WCBR : Let’s start with a question concerning the structure of your story. How important is, in your opinion, the “mystery” factor? By not giving the reader a clear picture of what is going on, we are left experiencing the same sense of chaos as the main character. We are not just reading a story, we are immersed in it.
James : Mystery is a big part of it, I want the readers to be searching for the answers alongside Shawn Myers, our protagonist. There are world and story details deliberately set up in a way that will make the reader have those moments where they sit back and wonder exactly what they read. The reward for readers is going to be eventually piecing together the puzzle. Details referred to early on that may seem to have no real significance or bearing on the plot may come back and reward the reader’s curiosity or investigation. The ultimate goal of this series is to immerse readers in a mysterious journey that takes you to different places and ideas that would regularly seem quite obtuse and possibly not fit. For example, elements of the science fiction variety mingle with elements of fantasy. Two genres are often kept in two very different and separate relations.
WCBR : There seems to be a bit of P. K. Dick in the story. The paranoia, the futuristic look, the loss of identity, all of them make us feel lost. What are your main inspirations? Is Dick’s vast production one of them?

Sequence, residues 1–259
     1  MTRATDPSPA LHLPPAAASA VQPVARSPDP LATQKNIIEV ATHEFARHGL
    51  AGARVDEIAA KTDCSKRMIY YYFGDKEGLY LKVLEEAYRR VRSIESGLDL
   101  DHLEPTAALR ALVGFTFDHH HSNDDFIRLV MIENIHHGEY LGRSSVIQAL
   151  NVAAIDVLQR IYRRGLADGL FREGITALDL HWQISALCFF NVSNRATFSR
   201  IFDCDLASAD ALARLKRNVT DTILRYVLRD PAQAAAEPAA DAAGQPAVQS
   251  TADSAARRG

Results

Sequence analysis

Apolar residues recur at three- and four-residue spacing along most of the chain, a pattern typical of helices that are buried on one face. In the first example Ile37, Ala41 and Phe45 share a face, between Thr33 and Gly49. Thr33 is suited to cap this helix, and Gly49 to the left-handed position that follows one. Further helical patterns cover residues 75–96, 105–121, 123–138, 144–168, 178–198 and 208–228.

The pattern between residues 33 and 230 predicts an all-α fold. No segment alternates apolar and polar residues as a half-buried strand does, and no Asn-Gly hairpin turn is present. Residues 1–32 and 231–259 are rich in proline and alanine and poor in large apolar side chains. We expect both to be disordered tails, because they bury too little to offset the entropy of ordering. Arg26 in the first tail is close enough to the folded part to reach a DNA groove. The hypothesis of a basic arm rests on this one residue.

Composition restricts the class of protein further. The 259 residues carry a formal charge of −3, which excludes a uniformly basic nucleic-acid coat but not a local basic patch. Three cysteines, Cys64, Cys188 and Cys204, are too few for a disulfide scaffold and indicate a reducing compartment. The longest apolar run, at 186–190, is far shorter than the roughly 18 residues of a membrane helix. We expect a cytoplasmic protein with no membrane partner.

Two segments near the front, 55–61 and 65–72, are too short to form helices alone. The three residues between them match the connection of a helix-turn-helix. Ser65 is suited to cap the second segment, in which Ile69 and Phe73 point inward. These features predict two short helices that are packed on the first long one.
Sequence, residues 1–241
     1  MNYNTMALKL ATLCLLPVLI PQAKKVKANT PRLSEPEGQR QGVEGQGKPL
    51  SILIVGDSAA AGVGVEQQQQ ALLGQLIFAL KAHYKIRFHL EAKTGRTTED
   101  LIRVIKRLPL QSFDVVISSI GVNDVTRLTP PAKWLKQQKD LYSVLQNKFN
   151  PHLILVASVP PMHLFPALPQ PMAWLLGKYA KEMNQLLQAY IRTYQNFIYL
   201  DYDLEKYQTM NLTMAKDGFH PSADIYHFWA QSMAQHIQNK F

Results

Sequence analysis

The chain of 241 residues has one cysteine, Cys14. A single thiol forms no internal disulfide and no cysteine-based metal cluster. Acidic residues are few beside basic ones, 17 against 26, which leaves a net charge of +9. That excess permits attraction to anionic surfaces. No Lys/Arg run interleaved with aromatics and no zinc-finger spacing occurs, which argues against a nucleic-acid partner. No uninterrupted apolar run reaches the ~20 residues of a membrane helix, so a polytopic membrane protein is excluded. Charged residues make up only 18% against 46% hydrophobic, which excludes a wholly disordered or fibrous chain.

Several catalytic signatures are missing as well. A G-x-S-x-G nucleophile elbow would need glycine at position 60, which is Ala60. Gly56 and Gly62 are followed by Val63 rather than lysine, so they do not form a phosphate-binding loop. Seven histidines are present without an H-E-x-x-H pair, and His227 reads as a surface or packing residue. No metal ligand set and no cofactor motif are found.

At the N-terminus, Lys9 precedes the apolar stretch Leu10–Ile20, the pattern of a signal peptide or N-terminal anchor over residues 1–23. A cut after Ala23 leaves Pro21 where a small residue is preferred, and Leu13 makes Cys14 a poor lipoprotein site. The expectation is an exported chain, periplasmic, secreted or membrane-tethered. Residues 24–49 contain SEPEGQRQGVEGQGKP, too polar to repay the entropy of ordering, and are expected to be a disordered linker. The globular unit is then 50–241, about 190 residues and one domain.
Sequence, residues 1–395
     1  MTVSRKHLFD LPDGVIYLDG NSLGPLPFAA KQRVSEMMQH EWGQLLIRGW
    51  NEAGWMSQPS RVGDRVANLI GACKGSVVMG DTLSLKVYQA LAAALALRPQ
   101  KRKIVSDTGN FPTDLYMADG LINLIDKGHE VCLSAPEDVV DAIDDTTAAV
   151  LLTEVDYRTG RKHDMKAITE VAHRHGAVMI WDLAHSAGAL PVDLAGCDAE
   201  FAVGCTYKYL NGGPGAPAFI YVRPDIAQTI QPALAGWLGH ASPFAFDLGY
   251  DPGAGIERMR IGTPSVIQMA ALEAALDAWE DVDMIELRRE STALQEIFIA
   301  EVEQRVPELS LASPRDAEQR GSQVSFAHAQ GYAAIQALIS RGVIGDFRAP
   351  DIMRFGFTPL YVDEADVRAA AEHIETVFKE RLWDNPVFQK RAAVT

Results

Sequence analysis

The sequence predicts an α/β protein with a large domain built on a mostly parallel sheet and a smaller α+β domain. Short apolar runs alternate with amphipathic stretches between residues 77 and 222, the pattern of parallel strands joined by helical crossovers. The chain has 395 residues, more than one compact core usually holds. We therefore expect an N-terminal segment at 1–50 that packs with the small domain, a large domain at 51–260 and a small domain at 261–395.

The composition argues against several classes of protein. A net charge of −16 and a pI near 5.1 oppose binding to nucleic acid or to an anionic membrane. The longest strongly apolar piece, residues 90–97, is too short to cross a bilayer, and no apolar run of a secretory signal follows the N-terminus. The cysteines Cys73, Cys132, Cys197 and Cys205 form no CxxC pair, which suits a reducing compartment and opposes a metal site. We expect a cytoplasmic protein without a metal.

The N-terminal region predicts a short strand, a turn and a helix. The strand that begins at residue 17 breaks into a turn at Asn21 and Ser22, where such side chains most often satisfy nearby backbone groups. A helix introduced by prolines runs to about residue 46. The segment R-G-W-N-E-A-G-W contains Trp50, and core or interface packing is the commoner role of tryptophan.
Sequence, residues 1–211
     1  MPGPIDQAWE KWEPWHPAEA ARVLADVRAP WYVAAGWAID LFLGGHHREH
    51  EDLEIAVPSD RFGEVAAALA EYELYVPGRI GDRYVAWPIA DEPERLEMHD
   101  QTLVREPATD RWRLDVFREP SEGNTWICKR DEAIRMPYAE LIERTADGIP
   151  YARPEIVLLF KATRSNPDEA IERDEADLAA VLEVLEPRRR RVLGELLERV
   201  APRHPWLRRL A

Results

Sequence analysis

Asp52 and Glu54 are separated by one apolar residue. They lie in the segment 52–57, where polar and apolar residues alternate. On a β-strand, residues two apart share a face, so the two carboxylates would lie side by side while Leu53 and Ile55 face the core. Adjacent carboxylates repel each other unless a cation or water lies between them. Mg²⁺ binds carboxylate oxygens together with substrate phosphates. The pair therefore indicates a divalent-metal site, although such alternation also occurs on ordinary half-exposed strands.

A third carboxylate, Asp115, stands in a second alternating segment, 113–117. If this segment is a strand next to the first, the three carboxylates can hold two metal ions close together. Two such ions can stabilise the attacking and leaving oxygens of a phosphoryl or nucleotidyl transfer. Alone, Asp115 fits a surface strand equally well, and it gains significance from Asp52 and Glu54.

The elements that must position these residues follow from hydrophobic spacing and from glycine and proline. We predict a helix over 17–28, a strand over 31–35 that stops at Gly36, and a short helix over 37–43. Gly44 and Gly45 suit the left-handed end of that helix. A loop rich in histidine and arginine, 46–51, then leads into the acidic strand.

James : Especially in the brainstorming and world building phase of the project, there is a bit of P.K. Dick material that seeps into my creative membrane. His short story “We Can Remember It for You Wholesale” and the theatrical adaptation of his work in the form of “Blade Runner” definitely have a creative foundation. I’ve been reading comics since I was in junior high, and that’s when I discovered Robert Kirkman’s “The Walking Dead” and I was blown away. I haven’t left the world of comics since, and I still frequent my local shop weekly getting all the new goodies. George Orwell’s “1984” was a definitive novel I read growing up and will always be a top favorite of mine. Dystopian fiction has definitely been a core influencer in shaping my creative drives as a whole.
WCBR : By playing with our sense of reality, the series delves into what is the meaning of being real and being fake. Would you say this topic has all to do with fiction and the creation of imaginary worlds, or can it also be linked to our reality, to the way we perceive it? Are we back to Descartes’ dilemma as to whether we can prove the world to be real or not?
James : Descartes’ had a lot on his mind, and I’m sure we all wrestled with that very question he pondered. Who hasn’t after a late night sat down and wondered “am I just a brain floating in a jar”, and hopefully it’s not just me. In many ways perception is reality. If enough people believe one thing, it can in some ways become true. For example, money is just paper we as a society have deemed to have monetary value. Someone who has never seen money or the concept would see it as a useless slip of paper, possibly good for wallpaper. It’s the same as gold. On a societal level many cultures place shiny metal as the most valuable object in the world. If enough people believe it, it becomes true. Why do you think governments use propaganda? It can be good or bad, but it’s largely effective at getting large masses of people to believe. “I think, therefore I exist.” That’s something anyone can accept widely, but everything else is malleable and can be changed. In “The Lost Gardens” readers are dealing with that very idea: Is anything real? Shawn is looking for something real, but will he ever find it? That’s a question only time will tell.